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Preserving Indigenous languages full of challenges, advocates say

The loss of Indigenous languages is widespread across Turtle Island — but in urban centres, learning and maintaining a language not native to that area is even more challenging.
Maintaining Indigenous languages in cities like New York can be challenging, language advocates say, because they are often invisible to the state and country. (Drew Angerer/Getty Images)

The loss of Indigenous languages is widespread across Turtle Island — but in urban centres, learning and maintaining a language not native to that area is even more challenging.

More than half of Indigenous people in Canada live in urban centres, according to Statistics Canada. 

Lorna Williams, a Lil'wat professor emerita at the University of Victoria, said there have been many policies and practices that have prompted them to move to larger centres.

Lorna Williams, a Lil'wat professor emerita at the University of Victoria, hopes young people recognize the importance of Indigenous language, even as they continue to move to larger centres. (Submitted by Lorna Williams)

"People have left because of poor housing in communities, or lack of employment … education, economic, health, social services," Williams said. These issues continue to reverberate in communities due to intergenerational trauma caused by acts of colonialism, including residential schools and the Sixties Scoop, among others.

When Indigenous people move to the city, they lose a physical connection to their homeland that would otherwise help them retain their language. Having conversations with elders, for example, becomes more difficult.

Many nations and languages in Canada are recognized, but that's not the case in cities like New York. Daniel Kaufman, a linguist who is the co-director of the Endangered Language Alliance in New York, said many Native American people living there aren't recognized by the federal government.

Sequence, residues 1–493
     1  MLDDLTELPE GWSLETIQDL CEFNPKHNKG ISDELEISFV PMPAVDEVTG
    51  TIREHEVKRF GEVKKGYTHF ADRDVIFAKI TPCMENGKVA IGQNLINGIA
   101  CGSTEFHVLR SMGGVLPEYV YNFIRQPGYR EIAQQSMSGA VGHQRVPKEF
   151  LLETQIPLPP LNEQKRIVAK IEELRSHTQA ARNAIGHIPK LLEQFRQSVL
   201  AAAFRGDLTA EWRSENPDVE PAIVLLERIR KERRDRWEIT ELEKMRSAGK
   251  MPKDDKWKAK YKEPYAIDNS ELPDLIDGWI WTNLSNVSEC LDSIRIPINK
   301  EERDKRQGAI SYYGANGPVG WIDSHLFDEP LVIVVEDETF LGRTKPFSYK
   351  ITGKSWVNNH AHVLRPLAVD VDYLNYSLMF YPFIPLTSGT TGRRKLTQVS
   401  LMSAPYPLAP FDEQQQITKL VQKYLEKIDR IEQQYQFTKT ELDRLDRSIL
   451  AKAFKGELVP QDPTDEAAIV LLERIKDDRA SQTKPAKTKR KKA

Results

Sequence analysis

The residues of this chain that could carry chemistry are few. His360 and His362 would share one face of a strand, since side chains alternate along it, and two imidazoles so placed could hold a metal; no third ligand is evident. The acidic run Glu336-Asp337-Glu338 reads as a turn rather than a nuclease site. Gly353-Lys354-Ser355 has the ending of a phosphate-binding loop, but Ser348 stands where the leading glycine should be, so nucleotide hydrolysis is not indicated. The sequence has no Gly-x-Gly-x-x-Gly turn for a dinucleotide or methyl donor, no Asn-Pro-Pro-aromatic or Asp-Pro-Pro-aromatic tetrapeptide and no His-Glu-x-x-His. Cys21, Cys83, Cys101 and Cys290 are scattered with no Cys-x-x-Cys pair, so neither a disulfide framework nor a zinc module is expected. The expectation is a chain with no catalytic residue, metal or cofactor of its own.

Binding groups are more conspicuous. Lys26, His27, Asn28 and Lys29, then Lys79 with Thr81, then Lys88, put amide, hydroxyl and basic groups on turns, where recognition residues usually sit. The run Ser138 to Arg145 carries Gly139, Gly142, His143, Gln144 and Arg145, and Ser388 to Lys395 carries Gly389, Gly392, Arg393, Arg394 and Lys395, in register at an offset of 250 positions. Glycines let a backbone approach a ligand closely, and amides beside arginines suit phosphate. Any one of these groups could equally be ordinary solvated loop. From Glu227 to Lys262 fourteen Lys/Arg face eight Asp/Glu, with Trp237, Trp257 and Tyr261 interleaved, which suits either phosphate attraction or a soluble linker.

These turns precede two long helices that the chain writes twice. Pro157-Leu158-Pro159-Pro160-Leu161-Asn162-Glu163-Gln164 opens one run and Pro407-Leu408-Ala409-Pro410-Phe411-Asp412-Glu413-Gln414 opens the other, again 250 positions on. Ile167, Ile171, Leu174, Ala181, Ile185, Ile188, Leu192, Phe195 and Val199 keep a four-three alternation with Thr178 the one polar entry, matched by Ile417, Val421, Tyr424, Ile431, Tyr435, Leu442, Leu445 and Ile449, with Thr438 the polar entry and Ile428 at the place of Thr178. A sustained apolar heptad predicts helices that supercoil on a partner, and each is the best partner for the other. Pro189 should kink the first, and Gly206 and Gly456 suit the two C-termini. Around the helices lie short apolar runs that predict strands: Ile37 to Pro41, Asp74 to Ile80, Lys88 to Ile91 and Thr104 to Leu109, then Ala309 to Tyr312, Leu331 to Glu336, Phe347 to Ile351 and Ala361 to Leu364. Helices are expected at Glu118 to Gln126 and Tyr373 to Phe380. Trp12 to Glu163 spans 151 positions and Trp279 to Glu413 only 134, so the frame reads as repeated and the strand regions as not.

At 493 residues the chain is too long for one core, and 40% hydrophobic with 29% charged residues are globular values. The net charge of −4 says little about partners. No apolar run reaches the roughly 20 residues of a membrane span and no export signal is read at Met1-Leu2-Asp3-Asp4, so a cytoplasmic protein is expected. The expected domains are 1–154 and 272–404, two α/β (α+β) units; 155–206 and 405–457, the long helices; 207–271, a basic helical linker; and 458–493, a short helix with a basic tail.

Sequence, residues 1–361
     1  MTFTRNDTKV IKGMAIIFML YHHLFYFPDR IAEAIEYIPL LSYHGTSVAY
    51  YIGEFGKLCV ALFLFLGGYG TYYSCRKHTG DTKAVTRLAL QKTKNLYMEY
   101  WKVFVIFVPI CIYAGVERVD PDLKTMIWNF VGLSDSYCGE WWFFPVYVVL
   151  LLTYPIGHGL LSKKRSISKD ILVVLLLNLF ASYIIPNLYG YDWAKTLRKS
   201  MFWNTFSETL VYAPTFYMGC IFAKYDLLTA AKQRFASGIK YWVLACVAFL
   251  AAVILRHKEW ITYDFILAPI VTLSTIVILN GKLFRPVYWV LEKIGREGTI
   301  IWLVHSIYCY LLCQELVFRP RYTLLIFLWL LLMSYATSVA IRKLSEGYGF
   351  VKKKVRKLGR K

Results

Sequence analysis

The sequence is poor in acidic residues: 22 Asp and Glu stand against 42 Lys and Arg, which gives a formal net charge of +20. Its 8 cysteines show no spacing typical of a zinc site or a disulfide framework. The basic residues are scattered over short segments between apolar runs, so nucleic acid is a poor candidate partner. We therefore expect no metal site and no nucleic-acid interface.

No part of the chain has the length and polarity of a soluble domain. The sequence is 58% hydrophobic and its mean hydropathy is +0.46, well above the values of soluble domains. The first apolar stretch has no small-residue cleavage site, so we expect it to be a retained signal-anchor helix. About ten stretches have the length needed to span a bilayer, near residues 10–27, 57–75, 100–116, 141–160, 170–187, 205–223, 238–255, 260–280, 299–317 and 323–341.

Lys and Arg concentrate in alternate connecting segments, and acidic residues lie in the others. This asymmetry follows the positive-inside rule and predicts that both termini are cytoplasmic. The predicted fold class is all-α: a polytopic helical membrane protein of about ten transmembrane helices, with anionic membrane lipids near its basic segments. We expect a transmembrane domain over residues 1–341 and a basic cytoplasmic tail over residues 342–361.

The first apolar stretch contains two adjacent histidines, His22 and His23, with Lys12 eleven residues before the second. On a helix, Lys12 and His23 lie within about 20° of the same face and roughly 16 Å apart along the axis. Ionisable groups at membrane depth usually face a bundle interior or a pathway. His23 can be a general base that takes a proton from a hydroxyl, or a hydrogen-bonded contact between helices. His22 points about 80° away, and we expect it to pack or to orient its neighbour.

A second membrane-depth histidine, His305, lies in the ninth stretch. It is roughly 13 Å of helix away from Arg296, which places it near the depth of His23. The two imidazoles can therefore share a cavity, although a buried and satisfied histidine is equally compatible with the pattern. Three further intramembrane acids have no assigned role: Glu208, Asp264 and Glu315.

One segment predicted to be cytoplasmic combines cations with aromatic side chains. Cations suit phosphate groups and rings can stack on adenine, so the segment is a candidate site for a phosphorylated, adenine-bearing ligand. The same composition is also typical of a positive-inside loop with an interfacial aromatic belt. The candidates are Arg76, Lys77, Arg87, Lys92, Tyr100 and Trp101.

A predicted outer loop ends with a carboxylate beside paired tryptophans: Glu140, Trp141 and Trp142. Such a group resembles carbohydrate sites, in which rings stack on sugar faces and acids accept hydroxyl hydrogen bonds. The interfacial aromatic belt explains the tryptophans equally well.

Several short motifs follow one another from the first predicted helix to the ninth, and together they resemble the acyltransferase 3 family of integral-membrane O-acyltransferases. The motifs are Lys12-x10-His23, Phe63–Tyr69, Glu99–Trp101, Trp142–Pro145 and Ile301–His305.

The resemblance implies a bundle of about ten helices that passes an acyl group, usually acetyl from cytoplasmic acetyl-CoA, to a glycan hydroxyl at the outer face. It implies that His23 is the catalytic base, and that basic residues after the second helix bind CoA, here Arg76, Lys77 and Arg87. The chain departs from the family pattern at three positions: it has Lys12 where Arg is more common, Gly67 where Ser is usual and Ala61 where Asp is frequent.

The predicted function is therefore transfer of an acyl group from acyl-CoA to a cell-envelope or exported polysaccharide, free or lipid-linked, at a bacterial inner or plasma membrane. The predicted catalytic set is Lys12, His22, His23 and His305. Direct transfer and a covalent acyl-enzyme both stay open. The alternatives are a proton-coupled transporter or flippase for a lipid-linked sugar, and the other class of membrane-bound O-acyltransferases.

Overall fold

Daniel Kaufman, a linguist and co-director of the Endangered Language Alliance, says Indigenous people in America often face further hardships due to virtual invisibility. (Submitted by Daniel Kaufman)

Because they aren't federally recognized, people like the Ramapough, for example, don't receive funding that they might use to retain their language.

"These are communities that have not had a fluent speaker for maybe up to 100 years," Kaufman said. "The non-recognition of their languages and the non-recognition of their entire existence as Native people is a constant wound."

The Endangered Language Alliance works with Indigenous and immigrant groups in New York with any issue pertaining to language they might have. Kaufman also works with Indigenous language speakers from Latin America, which can be an additional challenge.

"The Indigenous people that we work with from Latin America [are] very often undocumented, and so as a result completely invisible to the city agencies and the state," Kaufman said. 

But it's more than just a language issue, Kaufman said. It's an issue of human rights. "Language is more than just a means of communication — it's an identity," he said.

While Indigenous people are continuing the move to urban centres, technology has allowed them to connect with their home in a way that they couldn't before. Williams said it's about harnessing that technology for good.

"We need to … make use of the technological tools that we have available to connect people, rather than disconnect people," she said. "I'm hoping we're entering a good time and that people can join us and partner with us to work toward ensuring that people can practise and realize their right to their language."

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